(7)In this section and section 287—

(a)“sentence” includes any order;

(b)references to the passing of a sentence include references to the making of an order.

287Findings made and sentences passed by Court Martial on appeal from SCC

(1)Any finding made, or sentence passed, by the Court Martial on an appeal under section 285 replaces the finding or sentence of the Service Civilian Court.

(2)Unless the Court Martial otherwise directs, any sentence passed on such an appeal takes effect from the beginning of the day on which the Service Civilian Court passed sentence.

(3)Subsection (4) applies where a sentence is passed on a person on an appeal under section 285 against sentence.

(4)The person is to be treated, for the purpose of enabling him to appeal under the Court Martial Appeals Act 1968 (c. 20) against the sentence, as if he had been convicted by the Court Martial of the offence in respect of which the sentence was passed.

SCC rules

288SCC rules

(1)The Secretary of State may by rules (referred to in this Act as “SCC rules”) make provision with respect to the Service Civilian Court.

(2)SCC rules may in particular make provision with respect to—

(a)sittings of the court, including the place of sitting and changes to the place of sitting;

(b)trials and other proceedings of the court;

(c)the practice and procedure of the court;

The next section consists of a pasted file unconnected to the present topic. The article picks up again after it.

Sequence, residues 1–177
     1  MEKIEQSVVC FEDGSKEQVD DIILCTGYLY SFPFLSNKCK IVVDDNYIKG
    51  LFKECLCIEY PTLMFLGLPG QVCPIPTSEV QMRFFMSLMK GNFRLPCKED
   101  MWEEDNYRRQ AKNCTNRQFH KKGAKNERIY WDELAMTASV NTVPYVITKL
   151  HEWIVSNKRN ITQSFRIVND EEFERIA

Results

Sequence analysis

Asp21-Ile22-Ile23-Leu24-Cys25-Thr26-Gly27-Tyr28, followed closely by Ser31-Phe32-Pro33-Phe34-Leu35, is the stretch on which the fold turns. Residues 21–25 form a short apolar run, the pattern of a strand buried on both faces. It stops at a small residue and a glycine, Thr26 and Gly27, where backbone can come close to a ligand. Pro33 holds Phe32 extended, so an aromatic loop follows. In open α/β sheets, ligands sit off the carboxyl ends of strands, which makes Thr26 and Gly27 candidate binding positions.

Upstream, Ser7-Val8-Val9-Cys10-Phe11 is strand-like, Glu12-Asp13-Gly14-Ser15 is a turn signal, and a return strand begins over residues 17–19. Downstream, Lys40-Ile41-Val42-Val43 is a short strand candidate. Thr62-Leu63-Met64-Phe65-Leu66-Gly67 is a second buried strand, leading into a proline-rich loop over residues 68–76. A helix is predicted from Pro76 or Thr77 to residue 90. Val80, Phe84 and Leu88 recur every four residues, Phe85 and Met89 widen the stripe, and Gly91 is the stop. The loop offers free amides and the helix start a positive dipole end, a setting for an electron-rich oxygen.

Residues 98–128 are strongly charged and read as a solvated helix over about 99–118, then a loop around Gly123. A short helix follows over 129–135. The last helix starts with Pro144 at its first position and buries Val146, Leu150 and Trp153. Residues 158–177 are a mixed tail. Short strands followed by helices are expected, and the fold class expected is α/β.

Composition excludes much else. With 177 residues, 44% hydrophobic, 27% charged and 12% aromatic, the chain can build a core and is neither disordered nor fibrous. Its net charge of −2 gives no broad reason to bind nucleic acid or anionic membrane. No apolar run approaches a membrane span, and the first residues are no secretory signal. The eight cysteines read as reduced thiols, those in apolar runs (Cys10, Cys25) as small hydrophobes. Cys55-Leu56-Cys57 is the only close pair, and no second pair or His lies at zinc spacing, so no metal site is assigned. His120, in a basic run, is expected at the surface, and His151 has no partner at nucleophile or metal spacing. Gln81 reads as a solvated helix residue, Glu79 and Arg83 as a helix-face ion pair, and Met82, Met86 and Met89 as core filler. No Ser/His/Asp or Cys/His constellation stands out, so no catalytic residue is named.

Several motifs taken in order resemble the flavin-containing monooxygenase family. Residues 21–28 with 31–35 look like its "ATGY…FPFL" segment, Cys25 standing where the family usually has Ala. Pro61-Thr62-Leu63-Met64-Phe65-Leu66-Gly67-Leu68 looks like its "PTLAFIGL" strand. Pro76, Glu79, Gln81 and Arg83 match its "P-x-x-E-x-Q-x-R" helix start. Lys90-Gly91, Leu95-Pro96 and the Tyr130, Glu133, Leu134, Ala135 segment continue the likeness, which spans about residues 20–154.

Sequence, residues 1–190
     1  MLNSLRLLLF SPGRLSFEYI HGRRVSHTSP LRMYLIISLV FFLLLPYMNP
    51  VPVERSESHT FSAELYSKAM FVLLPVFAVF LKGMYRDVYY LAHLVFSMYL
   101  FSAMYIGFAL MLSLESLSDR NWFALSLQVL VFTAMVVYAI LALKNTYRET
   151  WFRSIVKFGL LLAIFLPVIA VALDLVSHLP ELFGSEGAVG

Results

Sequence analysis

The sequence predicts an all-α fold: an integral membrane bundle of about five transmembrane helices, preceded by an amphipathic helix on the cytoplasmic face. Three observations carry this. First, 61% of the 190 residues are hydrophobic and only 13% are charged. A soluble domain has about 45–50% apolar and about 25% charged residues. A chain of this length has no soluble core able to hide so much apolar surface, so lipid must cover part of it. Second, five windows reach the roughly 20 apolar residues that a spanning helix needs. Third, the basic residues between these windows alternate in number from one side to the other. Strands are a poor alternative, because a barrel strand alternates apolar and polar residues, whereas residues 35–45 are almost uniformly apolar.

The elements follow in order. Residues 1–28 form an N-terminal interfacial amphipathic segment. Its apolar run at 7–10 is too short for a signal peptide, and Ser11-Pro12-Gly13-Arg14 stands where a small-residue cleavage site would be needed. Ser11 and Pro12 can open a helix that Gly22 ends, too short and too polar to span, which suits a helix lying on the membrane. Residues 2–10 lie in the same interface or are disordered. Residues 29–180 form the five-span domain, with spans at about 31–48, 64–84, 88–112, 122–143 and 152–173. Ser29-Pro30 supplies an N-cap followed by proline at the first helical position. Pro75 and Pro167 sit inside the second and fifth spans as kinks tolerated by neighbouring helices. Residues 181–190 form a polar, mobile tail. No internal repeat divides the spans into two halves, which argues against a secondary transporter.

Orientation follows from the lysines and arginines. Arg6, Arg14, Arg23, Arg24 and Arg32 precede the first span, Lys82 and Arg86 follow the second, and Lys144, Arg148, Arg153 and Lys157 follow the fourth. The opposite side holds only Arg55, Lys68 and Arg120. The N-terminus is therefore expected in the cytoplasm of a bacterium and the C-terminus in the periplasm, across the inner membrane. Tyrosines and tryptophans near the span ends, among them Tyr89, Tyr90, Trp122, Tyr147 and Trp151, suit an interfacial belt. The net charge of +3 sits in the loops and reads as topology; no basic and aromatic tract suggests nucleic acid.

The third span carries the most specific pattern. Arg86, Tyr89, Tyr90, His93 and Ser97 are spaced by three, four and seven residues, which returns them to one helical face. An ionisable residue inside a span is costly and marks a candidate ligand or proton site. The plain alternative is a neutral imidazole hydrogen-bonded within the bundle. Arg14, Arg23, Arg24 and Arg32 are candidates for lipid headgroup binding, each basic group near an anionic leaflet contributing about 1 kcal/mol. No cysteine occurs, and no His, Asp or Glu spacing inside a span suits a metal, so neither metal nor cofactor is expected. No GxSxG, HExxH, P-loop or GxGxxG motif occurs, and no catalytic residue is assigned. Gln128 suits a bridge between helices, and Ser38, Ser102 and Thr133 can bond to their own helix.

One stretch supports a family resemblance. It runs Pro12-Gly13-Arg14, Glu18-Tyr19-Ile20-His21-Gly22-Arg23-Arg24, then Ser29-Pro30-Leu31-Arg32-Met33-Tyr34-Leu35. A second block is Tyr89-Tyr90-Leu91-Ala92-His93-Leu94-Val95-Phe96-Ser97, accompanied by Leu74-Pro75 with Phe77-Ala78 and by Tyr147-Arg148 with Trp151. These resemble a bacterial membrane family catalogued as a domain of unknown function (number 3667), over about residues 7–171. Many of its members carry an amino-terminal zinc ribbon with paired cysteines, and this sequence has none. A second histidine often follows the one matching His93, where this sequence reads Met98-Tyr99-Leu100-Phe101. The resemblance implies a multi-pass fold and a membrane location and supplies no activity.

(d)evidence, including the admissibility of evidence;

(e)the representation of the defendant.

(3)Without prejudice to the generality of subsections (1) and (2), SCC rules may make provision—

(a)as to oaths and affirmations for judge advocates, witnesses and other persons;

(b)as to objections to, and the replacement of, judge advocates;

(c)for procuring the attendance of witnesses and other persons and the production of documents and other things, including provision about—

(i)the payment of expenses to persons summoned to attend the court;

(ii)the issue by the court of warrants for the arrest of persons;

(d)as to the amendment of charges;

(e)for the taking into consideration, when sentencing an offender, of any other service offence committed by him;

(f)for the discharge of a court (including provision as to retrials and rehearings following discharge);

(g)for the making and retention of records of proceedings of the court;

(h)for the supply of copies of such records, including provision about the fees payable for the supply of such copies;

(i)conferring functions in relation to the court on the court administration officer;

(j)for the delegation by the court administration officer of any of his functions in relation to the court.

(4)Provision that may be made by the rules by virtue of subsection (2)(d) includes provision applying, with or without modifications, any enactment (whenever passed) creating an offence in respect of statements admitted in evidence.

(5)Provision that may be made by the rules by virtue of subsection (3)(c)(ii) includes provision—

(a)conferring powers of arrest;

(b)requiring any arrested person to be brought before the court;

(c)authorising the keeping of persons in service custody, and the imposition of requirements on release from service custody (including provision applying section 107(5) and (6) with or without modifications).

(6)SCC rules must secure that, after arraignment, charges may not be amended—

(a)in circumstances substantially different from those in which charges may be amended in magistrates' courts in England and Wales; or

(b)otherwise than subject to conditions which correspond, as nearly as circumstances permit, to those subject to which charges may be so amended.

(7)SCC rules may apply, with or without modifications, any enactment or subordinate legislation (whenever passed or made), including any provision made by or under this Act.